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ChemWiki: The Dynamic Chemistry E-textbook > Inorganic Chemistry > Descriptive Chemistry > Main Group Elements > Group 17: The Halogens > Chemistry of Chlorine

Chemistry of Chlorine

Chlorine is a halogen in row 17 and period 3.  It is very reactive and is widely used for many purposes, such as as a disinfectant.  Due to its high reactivity, it is commonly found in nature bonded to many different elements.

Properties

Atomic Number 17
Atomic Weight 35.457
Electron Configuration [Na]3s23p5
1st Ionization Energy 1251 kJ/mol
Ionic Radius 181 pm
Density (Dry Gas) 3.2 g/L
Melting Point -101°C
Boiling Point -34.05°C
Specific Heat 0.23 g cal/g/°C
Heat of Vaporization 68 g cal/g
Heat of Fusion 22 g cal/g
Critical Temperature 114°C
Standard Electron Potential for Cl2 + 2e- --> 2Cl- 1.358V

At room temperature, pure chlorine is a yellow-green gas. Chlorine is easily reduced, making it a good oxidation agent.  By itself, it is not combustible, but many of its reactions with different compounds are exothermic and produce heat.  Because chlorine is so highly reactive, it is found in nature in a combined state with other elements, such as NaCl (common salt) or KCl (sylvite). It forms strong ionic bonds with metal ions. Since it is a halogen, chlorine exists as Cl2, a nonpolar diatomic molecule with a low boiling point. 

Reactions Involving Chlorine

Chlorine is highly reactive with many different elements and compounds

With Water

Usually, reactions of chlorine with water are for disinfection purposes. Chlorine is only slightly soluble in water, with its maximum solubility occurring at 49°F. After that, its solubility decreases until 212°F. At temperatures below that range, it forms crystalline hydrates (usually Cl2)and becomes insoluble. Between that range, it usually forms hypochlorous acid (HOCl). This is the primary reaction used for water/wastewater disinfection and bleaching.

Cl2+H2O → HOCl + HCl

At the boiling temperature of water, chlorine decomposes water

2Cl2+2H2O → 4HCl + O2

With Oxygen

Although chlorine usually has -1 oxidation state, it can have oxidation states of +1, +3, +4, or +7 in certain compounds, such as when it forms Oxoacids with the alkali metals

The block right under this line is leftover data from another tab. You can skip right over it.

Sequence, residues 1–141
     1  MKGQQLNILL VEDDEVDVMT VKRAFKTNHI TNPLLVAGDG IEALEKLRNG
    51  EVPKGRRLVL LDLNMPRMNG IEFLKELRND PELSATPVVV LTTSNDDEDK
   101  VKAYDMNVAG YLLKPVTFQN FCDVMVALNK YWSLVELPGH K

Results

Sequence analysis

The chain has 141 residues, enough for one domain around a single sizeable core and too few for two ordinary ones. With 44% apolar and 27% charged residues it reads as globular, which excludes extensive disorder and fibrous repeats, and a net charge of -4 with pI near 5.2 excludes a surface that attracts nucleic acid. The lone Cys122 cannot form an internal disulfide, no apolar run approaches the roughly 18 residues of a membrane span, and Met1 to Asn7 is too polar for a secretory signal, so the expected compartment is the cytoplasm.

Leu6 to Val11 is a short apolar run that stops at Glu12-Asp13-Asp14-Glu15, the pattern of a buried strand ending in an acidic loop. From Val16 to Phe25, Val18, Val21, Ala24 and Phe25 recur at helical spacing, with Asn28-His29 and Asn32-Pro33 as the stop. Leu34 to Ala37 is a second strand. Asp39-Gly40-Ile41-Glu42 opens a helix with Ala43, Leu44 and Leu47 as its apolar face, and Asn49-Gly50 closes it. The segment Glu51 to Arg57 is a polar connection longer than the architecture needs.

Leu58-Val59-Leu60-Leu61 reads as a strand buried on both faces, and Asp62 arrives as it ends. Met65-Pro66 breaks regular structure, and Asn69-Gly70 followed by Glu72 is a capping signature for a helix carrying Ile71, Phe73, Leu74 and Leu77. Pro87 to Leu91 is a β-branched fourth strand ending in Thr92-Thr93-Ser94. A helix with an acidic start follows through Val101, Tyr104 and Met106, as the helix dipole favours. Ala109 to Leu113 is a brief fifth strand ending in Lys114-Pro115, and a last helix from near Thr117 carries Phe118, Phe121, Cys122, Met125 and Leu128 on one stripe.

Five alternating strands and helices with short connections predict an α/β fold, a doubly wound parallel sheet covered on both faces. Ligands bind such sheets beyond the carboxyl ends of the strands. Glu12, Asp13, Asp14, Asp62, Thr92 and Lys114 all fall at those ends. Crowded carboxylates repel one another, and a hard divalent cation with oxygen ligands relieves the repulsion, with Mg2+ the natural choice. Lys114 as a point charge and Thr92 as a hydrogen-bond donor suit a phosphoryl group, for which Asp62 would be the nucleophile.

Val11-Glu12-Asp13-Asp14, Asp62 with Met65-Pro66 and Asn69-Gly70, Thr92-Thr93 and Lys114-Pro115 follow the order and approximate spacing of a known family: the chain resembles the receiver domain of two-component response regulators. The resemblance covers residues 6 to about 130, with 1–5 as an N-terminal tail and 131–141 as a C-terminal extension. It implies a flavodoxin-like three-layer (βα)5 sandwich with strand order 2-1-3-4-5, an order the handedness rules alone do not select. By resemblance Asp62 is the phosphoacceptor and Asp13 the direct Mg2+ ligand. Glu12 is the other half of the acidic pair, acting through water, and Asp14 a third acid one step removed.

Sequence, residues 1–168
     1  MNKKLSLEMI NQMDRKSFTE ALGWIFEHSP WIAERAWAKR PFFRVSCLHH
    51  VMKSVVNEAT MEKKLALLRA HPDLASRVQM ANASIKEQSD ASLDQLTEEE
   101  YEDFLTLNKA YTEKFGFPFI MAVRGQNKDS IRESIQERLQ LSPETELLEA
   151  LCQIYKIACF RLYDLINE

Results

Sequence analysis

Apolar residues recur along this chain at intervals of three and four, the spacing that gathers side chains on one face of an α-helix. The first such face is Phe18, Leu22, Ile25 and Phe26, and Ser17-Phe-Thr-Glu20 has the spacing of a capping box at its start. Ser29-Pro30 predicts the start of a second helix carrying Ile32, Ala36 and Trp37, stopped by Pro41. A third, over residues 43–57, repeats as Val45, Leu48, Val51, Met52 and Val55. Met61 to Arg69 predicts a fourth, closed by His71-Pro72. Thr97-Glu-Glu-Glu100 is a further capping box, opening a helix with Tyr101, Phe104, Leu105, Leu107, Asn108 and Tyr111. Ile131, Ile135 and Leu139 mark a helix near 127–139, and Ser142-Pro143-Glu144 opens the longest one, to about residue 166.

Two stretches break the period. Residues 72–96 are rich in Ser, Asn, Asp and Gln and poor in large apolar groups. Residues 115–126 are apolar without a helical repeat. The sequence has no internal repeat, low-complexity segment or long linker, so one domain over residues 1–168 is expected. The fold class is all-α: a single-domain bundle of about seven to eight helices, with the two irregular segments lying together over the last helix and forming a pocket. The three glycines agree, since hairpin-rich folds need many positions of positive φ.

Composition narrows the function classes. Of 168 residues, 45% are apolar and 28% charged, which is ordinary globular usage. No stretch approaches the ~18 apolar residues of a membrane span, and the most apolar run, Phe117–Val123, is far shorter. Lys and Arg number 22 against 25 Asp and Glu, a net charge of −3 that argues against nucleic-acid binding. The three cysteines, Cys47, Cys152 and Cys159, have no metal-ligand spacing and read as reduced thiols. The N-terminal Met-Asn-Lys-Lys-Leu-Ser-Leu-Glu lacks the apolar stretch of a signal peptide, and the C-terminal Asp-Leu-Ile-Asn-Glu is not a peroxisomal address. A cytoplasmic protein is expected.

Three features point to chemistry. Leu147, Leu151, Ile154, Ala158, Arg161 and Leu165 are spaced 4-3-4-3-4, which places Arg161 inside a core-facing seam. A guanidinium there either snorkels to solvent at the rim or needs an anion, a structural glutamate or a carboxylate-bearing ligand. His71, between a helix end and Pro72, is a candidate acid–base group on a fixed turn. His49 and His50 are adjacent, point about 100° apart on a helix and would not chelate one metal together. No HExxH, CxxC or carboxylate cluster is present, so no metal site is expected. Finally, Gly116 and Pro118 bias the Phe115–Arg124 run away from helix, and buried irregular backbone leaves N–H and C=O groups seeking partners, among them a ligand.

Oxidation State Compound
+1 NaClO
+3 NaClO2
+5 NaClO3
+7 NaClO4

With Hydrogen

When H2 and Cl2 are exposed to sunlight or high temperatures, they react quickly and violently in a spontaneous reaction.  Otherwise, the reaction proceeds slowly.

H2+Cl2 → 2HCl

HCl can also be produced by reacting Chlorine with compounds containing Hydrogen, such as Hydrogen sulfide

With Halogens

Chlorine, like many of the other halogens, can form interhalogen compounds (examples include BrCl, ICl, ICl2). The heavier elements in one of these compounds acts as the central atom.  For Chlorine, this occurs when it is bounded to fluorine in ClF, ClF3, and ClF5

With Metals

Chlorine reacts with most metals and forms metal chlorides, with most of these compounds being soluble in water.  Examples of insoluble compounds include AgCl and PbCl2. Gaseous or liquid chlorine usually does not have an effect on metals such as iron, copper, platinum, silver, and steel at temperatures below 230°F.  At high temperatures, however, it reacts rapidly with many of the metals, especially if the metal is in a form that has a high surface area (Such as when powdered or made into wires). 

Example 1: Oxidizing Iron
Chlorine can oxidizing iron

Cl2+Fe → FeCl2

Half Reactions:

Fe → Fe+2 +2e

Cl2+2e- → 2Cl-

Isotopes

Cl35and Cl37 are the two natural, stable isotopes of Chlorine. Cl36, a radioactive isotope, occurs only in trace amounts as a result of cosmic rays in the atmosphere.  Chlorine is usually a mixture of 75% Cl35 and 25% Cl37. Besides these Chlorine-35/36/37, the other isotopes must be artificially produced.  A table containing some common isotopes is found below:

 

Isotope Atomic Mass Half-Life
Cl33 32.986 2.8 seconds
Cl34 33.983 33 minutes
Cl35 34.979 Stable
Cl36 35.978 400,000 years
Cl37 35.976 Stable
Cl38 37.981 39 Minutes